A new state report has revealed that an alarming number of school-aged children in Oklahoma are obese.

As school leaders strive to reduce these numbers, the question arises: what role do schools play in student health?

Oklahoma is at the top of a list that no one wants to be on. The state Department of Health said Oklahoma had the ninth highest prevalence of obesity in the nation. One in five Oklahoma children between the ages of 10 and 17 are considered obese.

“It’s very concerning that Oklahoma is one of the most obese states,” said Dr. Jeanie Tryggestad of OU Children’s Hospital.

| MORE | Oklahoma leaders roll out plan to help state’s obesity woes

The pediatric endocrinologist said obese children are more likely to become obese adults.

“We know it sets us up for other health issues as well,” she said.

Early obesity also increases the risk of serious health problems throughout life, such as hypertension, type 2 diabetes, heart disease, stroke, certain cancers and depression. As a result, the state said obesity and related conditions contributed to medical costs exceeding $1 billion annually in Oklahoma.

“In Oklahoma, we know we have a really big problem with obesity,” Tryggestad said.

The state found several contributing factors. Among them: poor diets. Only 20% of Oklahoma children eat at least two servings of fruit a day. When it comes to vegetables, only 9% of kids in the state eat three or more servings a day.

Tryggestad said too many high-calorie drinks also contribute.

“We want to try to cut down on drinks with sugar in particular,” she said.

| MORE | Greater OKC Urban League teams up to help children facing food insecurity

The study indicates that children are simply not active enough, with only 29% of them engaging in physical activity for at least 60 minutes a day.

“Sometimes we get lulled into thinking we’re in PE class at school and that’s good enough,” she said. ” But that is not enough. Truly and sincerely, this is not the time for physical activity. We want to make sure we get that hour of physical activity every day.

One of the main goals of the state study is to find ways to overturn the statistics. The goal is to reduce childhood obesity by 3% over the next four years. For school-aged children, the health department wants to increase access to free and reduced meals as well as the number of physical activities students participate in during school. This includes a guaranteed recreation.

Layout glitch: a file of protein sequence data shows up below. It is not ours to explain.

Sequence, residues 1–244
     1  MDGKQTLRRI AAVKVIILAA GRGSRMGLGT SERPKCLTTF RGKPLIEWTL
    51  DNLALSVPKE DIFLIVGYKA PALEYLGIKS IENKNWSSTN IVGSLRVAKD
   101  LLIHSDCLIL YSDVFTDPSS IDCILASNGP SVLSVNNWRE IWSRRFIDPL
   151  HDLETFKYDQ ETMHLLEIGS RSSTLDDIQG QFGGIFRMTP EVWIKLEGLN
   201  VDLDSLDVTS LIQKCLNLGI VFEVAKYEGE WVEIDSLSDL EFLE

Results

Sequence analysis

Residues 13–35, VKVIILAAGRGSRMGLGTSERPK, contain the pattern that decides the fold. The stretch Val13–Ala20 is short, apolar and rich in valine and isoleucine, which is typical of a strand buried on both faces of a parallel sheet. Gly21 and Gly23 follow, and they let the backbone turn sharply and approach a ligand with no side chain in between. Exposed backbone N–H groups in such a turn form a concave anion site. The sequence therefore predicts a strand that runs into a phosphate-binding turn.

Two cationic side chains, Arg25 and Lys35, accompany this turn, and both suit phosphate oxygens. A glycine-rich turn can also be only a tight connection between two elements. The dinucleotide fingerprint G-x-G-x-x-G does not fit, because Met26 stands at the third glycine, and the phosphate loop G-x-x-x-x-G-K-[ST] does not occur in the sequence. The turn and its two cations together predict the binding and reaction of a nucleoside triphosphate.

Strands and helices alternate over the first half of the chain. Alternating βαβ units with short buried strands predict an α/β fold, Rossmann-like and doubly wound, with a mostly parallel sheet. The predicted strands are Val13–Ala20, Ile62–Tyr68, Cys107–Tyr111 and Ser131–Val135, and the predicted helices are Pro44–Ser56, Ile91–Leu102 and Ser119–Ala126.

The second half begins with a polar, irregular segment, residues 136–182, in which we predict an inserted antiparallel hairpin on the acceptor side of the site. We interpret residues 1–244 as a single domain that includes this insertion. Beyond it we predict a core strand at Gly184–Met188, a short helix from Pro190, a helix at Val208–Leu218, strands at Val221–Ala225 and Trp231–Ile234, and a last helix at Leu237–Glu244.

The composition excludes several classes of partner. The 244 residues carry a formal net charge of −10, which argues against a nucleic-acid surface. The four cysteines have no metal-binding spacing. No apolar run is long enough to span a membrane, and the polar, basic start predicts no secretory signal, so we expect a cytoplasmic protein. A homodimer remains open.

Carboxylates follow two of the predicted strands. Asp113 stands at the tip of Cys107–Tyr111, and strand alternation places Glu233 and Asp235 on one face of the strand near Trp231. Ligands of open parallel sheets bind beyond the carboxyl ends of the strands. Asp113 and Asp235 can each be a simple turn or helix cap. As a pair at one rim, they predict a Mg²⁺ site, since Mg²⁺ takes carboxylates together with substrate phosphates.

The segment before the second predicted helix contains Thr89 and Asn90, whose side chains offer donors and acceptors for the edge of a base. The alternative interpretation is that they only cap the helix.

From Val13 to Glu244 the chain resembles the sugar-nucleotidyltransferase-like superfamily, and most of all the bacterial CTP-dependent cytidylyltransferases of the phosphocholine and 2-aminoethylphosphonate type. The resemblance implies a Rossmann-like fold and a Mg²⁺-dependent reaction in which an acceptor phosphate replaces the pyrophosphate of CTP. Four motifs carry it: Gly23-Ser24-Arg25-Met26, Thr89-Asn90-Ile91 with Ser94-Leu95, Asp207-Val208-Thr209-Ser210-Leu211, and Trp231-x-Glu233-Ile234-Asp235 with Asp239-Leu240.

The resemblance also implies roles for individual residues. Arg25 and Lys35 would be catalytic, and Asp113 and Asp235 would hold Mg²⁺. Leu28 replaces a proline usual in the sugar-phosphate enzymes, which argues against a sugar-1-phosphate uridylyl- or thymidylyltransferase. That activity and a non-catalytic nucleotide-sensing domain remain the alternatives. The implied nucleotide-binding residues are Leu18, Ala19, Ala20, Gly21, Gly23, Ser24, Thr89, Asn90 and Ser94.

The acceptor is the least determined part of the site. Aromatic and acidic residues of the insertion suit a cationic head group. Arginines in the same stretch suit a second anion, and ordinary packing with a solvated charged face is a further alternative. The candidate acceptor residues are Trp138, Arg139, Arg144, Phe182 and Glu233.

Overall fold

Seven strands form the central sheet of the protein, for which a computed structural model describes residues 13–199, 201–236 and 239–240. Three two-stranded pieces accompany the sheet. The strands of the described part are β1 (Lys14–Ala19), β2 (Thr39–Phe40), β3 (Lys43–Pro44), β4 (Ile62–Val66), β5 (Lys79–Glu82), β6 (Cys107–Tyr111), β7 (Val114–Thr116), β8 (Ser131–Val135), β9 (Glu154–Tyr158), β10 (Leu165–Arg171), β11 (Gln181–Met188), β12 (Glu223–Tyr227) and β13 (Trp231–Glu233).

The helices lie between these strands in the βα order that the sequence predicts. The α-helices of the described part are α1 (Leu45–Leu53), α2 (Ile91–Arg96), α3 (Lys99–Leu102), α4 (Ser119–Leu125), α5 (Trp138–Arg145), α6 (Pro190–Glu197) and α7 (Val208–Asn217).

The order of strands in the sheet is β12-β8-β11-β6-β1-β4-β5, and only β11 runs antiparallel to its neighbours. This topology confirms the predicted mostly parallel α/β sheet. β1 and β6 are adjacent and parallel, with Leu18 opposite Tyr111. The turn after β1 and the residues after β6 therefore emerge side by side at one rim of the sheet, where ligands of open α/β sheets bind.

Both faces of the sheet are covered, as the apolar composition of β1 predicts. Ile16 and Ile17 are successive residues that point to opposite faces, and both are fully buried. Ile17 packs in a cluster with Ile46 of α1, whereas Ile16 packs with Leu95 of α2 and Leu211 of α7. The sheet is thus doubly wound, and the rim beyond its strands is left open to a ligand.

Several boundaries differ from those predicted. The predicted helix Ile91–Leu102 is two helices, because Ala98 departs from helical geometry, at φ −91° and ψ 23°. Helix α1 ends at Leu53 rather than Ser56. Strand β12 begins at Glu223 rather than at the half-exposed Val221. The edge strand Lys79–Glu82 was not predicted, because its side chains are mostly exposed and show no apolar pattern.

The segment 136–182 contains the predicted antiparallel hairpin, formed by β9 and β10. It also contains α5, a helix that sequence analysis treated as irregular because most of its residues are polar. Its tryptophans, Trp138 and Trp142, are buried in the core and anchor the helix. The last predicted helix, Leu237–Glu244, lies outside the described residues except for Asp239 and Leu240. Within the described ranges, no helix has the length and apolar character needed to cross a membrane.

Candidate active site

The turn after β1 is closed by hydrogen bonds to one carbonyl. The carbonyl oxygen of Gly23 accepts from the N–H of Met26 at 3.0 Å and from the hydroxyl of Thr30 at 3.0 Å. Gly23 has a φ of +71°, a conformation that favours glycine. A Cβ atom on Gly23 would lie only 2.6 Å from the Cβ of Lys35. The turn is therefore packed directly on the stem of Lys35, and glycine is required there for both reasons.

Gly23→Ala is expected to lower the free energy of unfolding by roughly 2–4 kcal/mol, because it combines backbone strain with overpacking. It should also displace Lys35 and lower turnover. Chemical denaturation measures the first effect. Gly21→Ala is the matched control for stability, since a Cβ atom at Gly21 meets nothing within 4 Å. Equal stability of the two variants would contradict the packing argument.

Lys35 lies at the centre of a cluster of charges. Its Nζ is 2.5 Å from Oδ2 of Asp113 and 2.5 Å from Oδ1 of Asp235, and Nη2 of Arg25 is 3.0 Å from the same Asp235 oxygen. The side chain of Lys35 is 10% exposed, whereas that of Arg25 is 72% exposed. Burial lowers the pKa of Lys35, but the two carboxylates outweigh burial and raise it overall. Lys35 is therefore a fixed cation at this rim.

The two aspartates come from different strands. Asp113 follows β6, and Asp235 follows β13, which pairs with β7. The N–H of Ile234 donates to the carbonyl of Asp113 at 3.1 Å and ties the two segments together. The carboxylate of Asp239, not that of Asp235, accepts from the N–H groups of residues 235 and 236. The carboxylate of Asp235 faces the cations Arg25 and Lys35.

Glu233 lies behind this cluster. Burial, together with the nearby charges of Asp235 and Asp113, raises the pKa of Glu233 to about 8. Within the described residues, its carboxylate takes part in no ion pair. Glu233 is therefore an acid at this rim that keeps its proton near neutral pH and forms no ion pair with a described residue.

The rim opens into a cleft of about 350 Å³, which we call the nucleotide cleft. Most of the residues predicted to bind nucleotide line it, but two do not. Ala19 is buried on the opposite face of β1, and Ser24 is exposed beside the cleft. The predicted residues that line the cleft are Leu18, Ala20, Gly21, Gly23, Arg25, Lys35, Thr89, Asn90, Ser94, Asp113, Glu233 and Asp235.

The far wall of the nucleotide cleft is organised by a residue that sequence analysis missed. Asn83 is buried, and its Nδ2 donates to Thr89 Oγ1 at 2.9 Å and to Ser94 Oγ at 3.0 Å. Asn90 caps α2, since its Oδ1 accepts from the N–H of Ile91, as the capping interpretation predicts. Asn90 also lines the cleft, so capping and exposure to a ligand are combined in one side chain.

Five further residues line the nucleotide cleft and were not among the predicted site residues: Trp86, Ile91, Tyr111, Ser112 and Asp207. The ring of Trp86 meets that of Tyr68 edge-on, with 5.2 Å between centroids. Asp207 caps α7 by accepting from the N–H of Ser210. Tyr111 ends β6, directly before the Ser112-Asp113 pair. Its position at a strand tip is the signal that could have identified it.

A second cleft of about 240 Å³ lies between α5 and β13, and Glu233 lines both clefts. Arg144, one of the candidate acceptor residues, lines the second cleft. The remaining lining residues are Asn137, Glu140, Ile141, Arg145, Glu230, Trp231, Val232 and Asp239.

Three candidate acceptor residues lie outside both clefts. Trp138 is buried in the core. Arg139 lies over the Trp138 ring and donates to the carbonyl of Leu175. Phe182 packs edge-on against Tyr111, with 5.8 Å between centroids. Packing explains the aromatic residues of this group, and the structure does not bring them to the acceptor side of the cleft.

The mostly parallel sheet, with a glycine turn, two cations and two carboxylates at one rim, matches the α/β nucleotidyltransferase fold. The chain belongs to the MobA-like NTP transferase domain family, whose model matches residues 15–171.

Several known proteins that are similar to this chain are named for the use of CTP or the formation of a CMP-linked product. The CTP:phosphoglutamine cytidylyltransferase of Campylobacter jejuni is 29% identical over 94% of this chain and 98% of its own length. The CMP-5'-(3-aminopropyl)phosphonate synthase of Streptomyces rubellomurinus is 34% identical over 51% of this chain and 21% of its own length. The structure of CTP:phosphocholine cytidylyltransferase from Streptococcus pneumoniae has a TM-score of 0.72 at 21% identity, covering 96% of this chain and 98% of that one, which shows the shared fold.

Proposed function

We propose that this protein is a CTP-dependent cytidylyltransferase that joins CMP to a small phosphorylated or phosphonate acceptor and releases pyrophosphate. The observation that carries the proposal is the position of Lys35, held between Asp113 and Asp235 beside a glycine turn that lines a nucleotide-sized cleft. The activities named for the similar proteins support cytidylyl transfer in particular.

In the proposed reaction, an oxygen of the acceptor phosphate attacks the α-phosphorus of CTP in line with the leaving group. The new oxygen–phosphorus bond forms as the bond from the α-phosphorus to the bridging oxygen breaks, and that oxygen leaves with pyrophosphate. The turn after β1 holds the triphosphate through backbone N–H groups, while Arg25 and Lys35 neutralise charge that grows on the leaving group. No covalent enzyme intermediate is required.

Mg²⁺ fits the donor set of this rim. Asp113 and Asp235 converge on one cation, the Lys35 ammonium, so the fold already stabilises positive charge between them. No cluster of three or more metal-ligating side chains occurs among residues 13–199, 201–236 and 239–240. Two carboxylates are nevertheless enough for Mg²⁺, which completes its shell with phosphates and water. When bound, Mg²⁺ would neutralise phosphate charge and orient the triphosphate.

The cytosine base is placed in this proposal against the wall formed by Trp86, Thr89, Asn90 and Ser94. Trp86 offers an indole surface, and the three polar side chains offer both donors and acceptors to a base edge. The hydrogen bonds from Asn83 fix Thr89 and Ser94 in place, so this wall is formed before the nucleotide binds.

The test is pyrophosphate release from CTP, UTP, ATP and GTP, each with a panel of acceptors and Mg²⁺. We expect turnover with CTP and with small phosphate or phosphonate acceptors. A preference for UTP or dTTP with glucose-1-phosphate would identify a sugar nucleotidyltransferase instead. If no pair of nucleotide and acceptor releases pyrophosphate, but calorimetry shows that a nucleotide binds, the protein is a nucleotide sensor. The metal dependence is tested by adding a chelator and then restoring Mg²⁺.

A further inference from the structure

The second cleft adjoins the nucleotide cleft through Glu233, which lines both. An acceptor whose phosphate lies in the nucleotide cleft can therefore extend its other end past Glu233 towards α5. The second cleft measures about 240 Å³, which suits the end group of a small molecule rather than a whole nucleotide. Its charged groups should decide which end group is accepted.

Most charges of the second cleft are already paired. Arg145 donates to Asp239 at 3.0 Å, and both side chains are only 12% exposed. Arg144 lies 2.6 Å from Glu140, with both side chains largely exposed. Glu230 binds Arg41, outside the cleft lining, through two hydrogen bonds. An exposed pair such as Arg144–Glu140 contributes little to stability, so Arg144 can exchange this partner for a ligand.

Oklahoma City Public Schools said the district is following federal guidelines for healthy eating.

“We teach them at a young age what a healthy meal is and teach them how to balance,” said Annie Coker, district operations manager for school nutrition services.

The district said it gives students options on what to eat, in an effort to help them learn what’s going on in their bodies.

“That’s when they learn the basics of nutrition that they will take with them for the rest of their lives so they can be adults who know how to make healthy choices,” she said. declared.

For some children, the meal they get at school is the only one they will have.

“It’s true that the school meal we offer is the only healthy meal they get during the day,” she said of many students.

When it comes to physical activity, some teachers take it upon themselves to help students.

Lahna Vann, a sixth-grade teacher at Mary Golda Ross Middle School, started a running club for young students interested in sports.

“I have kids who come up to me on the first day of school saying, ‘When do we start? When do we start training?'” he said. she says.

Vann said it gets kids moving, but also helps them develop other fundamentals.

“It helps kids build not only muscle mass, but the confidence they carry throughout the year and throughout their lives,” she said.

She said other schools in the area have also started their own running clubs.

|MORE| How to Save Money on Back-to-School Supplies in Oklahoma

Experts say healthy habits start at home. The state recognizes that some of the causes of obesity are linked to socio-ecological barriers like where people live and their access to healthy foods.

But since children spend the majority of their days in school during the school year, it’s important that districts play a role in shaping the future of the state’s youth.